THOMASON, JOHN WILLIAM, JR.
THOMASON, JOHN WILLIAM, JR. (1893–1944). John W. Thomason, Jr., author, artist, and United States Marine Corps officer, was born in Huntsville, Texas, on February 28, 1893, the eldest of nine children of John W. and Sue Hayes (Goree) Thomason. He attended Southwestern University, Sam Houston Normal Institute, the University of Texas, the Art Students League in New York, and the Army and Navy War colleges. As a young man Thomason was a teacher, school principal, member of the Citizens Military Training Corps of San Antonio, and writer for the Houston Chronicle before he entered the United States Marine Corps on April 6, 1917. Later that year he married Leda Barbara Bass of Huntsville; they had one son.
Thomason's military career began with battlefield action in World War I, in which he fought in five major engagements and fourteen battles, including Belleau Wood, Château-Thierry, San Mihiel, Soissons, and Mont Blanc. His stations after the war included Cuba, Nicaragua, China, and the USS Rochester; he was an aide to Assistant Secretary of the Navy Col. Henry Roosevelt, worked at the Latin-American desk of the Office of Naval Intelligence, and was briefly involved in the Solomons campaign in World War II. As a writer-artist, Thomason was an illustrator primarily of his own books. His drawings were literary rather than decorative, and his artistic and writing career developed at the same time. In his lifetime he published more than sixty articles for such magazines as American Mercury, Scribner's, and Saturday Evening Post. He also wrote eleven illustrated books. Among the most famous are Fix Bayonets (1926), Jeb Stuart (1930), Gone to Texas (1937), Lone Star Preacher (1941), and a collection of short stories titled Salt Winds and Gobi Dust (1934). Five of his eight full-length books were about the marines and his experience in the military. His writing has been labeled "realistic romanticism" or "romantic realism." His only formal artistic training consisted of a year of instruction at the Art Students League. Hasty sketches of battlefield subjects in World War I, displayed at Knoedler's art gallery in New York, brought him to the attention of Scribner's. His drawings were mostly pen-and-ink sketches; his use of watercolor was confined to book jackets and occasional color plates. He drew mostly from memory and seldom used models.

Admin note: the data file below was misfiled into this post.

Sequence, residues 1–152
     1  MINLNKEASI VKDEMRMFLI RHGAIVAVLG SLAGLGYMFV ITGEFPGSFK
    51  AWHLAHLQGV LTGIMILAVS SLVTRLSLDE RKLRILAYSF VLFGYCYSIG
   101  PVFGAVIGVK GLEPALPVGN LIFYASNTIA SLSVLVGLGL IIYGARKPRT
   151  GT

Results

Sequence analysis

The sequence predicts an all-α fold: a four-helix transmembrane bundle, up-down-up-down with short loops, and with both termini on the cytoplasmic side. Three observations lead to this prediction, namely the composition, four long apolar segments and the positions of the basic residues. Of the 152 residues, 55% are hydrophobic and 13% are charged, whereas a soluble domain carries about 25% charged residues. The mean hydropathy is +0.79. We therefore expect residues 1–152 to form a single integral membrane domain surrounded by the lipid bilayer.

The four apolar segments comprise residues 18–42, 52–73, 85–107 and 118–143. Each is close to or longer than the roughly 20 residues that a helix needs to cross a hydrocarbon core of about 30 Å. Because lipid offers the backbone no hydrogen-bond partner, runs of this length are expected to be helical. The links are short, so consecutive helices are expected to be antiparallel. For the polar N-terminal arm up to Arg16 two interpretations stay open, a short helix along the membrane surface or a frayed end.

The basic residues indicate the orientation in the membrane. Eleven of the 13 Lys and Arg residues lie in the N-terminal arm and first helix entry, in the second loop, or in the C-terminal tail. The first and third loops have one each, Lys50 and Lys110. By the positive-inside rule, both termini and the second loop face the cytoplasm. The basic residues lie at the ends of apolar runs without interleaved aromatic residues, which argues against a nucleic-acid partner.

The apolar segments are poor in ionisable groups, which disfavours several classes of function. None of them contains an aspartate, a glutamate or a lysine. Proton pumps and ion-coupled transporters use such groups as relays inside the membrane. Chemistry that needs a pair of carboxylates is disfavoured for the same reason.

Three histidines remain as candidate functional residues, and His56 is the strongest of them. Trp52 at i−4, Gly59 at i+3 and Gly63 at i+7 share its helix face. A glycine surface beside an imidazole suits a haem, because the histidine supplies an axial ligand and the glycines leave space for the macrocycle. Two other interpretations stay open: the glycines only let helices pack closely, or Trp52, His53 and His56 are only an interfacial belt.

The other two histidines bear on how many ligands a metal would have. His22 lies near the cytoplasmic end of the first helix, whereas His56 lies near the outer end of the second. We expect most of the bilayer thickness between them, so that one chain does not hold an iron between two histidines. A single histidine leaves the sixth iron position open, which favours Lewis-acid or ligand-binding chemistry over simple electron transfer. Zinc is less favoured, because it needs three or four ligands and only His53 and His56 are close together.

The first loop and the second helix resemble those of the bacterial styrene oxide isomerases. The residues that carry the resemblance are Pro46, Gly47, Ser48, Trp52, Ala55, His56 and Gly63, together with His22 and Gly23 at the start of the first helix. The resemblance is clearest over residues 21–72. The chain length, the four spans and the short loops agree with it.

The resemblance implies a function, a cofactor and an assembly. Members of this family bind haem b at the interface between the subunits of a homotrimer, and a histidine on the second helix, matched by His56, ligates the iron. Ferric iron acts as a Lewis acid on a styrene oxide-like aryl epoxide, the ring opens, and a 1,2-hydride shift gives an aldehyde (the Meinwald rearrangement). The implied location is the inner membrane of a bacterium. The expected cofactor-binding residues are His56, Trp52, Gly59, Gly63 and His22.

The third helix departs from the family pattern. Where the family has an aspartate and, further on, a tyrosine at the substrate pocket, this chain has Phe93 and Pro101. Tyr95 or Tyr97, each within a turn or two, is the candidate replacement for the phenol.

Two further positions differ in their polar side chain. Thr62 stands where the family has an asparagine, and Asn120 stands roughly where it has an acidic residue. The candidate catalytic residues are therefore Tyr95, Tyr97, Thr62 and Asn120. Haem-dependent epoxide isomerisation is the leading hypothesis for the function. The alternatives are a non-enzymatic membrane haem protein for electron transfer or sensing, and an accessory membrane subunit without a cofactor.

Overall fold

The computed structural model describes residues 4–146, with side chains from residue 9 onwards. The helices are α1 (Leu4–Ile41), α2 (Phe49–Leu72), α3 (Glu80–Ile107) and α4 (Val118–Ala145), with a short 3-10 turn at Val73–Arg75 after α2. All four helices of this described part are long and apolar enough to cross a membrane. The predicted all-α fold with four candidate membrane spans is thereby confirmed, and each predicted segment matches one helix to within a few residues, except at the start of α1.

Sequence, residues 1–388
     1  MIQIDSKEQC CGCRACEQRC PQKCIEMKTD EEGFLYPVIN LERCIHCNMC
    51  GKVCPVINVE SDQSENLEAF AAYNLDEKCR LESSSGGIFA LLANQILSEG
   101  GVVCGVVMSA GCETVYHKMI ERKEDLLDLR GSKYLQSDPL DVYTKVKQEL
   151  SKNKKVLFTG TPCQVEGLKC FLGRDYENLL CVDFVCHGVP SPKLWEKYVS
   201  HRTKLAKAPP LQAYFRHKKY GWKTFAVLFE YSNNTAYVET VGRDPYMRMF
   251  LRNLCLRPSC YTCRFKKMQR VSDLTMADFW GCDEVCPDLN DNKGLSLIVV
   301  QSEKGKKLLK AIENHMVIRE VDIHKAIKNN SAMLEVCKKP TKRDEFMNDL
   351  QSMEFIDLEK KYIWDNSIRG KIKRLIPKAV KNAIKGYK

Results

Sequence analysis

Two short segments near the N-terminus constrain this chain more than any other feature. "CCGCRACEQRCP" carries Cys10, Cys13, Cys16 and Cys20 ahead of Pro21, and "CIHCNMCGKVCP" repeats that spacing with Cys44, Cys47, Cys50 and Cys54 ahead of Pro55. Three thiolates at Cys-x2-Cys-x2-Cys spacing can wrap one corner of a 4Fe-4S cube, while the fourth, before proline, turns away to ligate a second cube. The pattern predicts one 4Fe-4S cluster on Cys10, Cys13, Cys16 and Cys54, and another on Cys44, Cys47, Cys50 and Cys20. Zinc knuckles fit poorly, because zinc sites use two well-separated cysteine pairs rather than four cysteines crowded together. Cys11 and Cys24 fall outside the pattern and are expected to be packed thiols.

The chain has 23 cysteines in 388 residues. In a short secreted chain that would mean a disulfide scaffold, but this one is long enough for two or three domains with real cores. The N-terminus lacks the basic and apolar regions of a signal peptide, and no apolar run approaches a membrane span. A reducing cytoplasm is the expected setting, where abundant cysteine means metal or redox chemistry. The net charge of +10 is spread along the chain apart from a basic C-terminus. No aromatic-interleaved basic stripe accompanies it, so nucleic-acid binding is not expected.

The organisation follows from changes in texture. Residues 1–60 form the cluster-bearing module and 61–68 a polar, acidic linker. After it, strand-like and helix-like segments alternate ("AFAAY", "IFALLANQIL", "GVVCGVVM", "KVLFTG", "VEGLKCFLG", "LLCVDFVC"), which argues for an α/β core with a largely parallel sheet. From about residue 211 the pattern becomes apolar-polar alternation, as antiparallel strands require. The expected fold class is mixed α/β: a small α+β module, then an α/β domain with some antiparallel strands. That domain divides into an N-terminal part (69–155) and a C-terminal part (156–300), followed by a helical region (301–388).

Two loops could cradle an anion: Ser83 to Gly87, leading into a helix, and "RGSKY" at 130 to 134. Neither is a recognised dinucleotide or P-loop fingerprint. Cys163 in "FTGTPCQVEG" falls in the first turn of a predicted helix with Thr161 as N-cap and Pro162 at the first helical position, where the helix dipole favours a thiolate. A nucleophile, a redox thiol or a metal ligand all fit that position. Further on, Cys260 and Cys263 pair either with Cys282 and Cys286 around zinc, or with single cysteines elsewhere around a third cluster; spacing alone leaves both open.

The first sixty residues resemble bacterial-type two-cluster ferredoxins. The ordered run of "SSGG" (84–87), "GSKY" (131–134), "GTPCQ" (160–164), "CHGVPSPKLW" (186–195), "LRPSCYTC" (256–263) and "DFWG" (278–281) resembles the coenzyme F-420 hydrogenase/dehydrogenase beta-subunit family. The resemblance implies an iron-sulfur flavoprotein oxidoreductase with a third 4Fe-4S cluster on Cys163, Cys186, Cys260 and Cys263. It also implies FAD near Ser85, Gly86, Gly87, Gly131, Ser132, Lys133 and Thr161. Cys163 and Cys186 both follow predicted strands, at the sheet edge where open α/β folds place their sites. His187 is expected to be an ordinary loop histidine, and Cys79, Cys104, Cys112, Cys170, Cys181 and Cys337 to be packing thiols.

Thomason was involved in World War II duties when he died in San Diego, California, on March 12, 1944. When the train bearing his body crossed the state border at El Paso, all official flags were lowered to half mast in his honor. He was buried in Oakwood Cemetery, Huntsville. Colonel Thomason was awarded the Silver Star, Navy Cross, and Air Medal, among other military decorations, and an honorary LL.D. by Southwestern University. Thomason Park, a section of the Marine Corps Base at Quantico, Virginia, and the navy destroyer USS John W. Thomason were named in his memory, and his portrait hangs in the Texas Hall of Heroes at the Capitol in Austin. In addition, the Graphic Arts Building at Sam Houston State University bears his name, as does the special collections room of the university library, which houses a permanent exhibit of his drawings and manuscripts. In tribute to his late friend in the summer 1944 Southwest Review, J. Frank Dobie wrote: "In the name of people who, because of what you have written, are richer inside themselves and live more abundantly on the soil they belong to, I salute you, John W. Thomason, soldier in the old gallant tradition, fine Southern gentleman, and patriot who made your own corner of the earth more beautiful!"
Arnold Rosenfeld, ed., A Thomason Sketchbook: Drawings by John W. Thomason, Jr. (Austin: University of Texas Press, 1969). Martha Anne Turner, The World of Col. John W. Thomason (Austin: Eakin Press, 1984).
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The following, adapted from the Chicago Manual of Style, 15th edition, is the preferred citation for this article.Handbook of Texas Online, Charles L. Dwyer and Viva M. McComb, "Thomason, John William, Jr.," accessed May 26, 2016, http://www.tshaonline.org/handbook/online/articles/fth13.
Uploaded on June 15, 2010. Modified on March 2, 2012. Published by the Texas State Historical Association.
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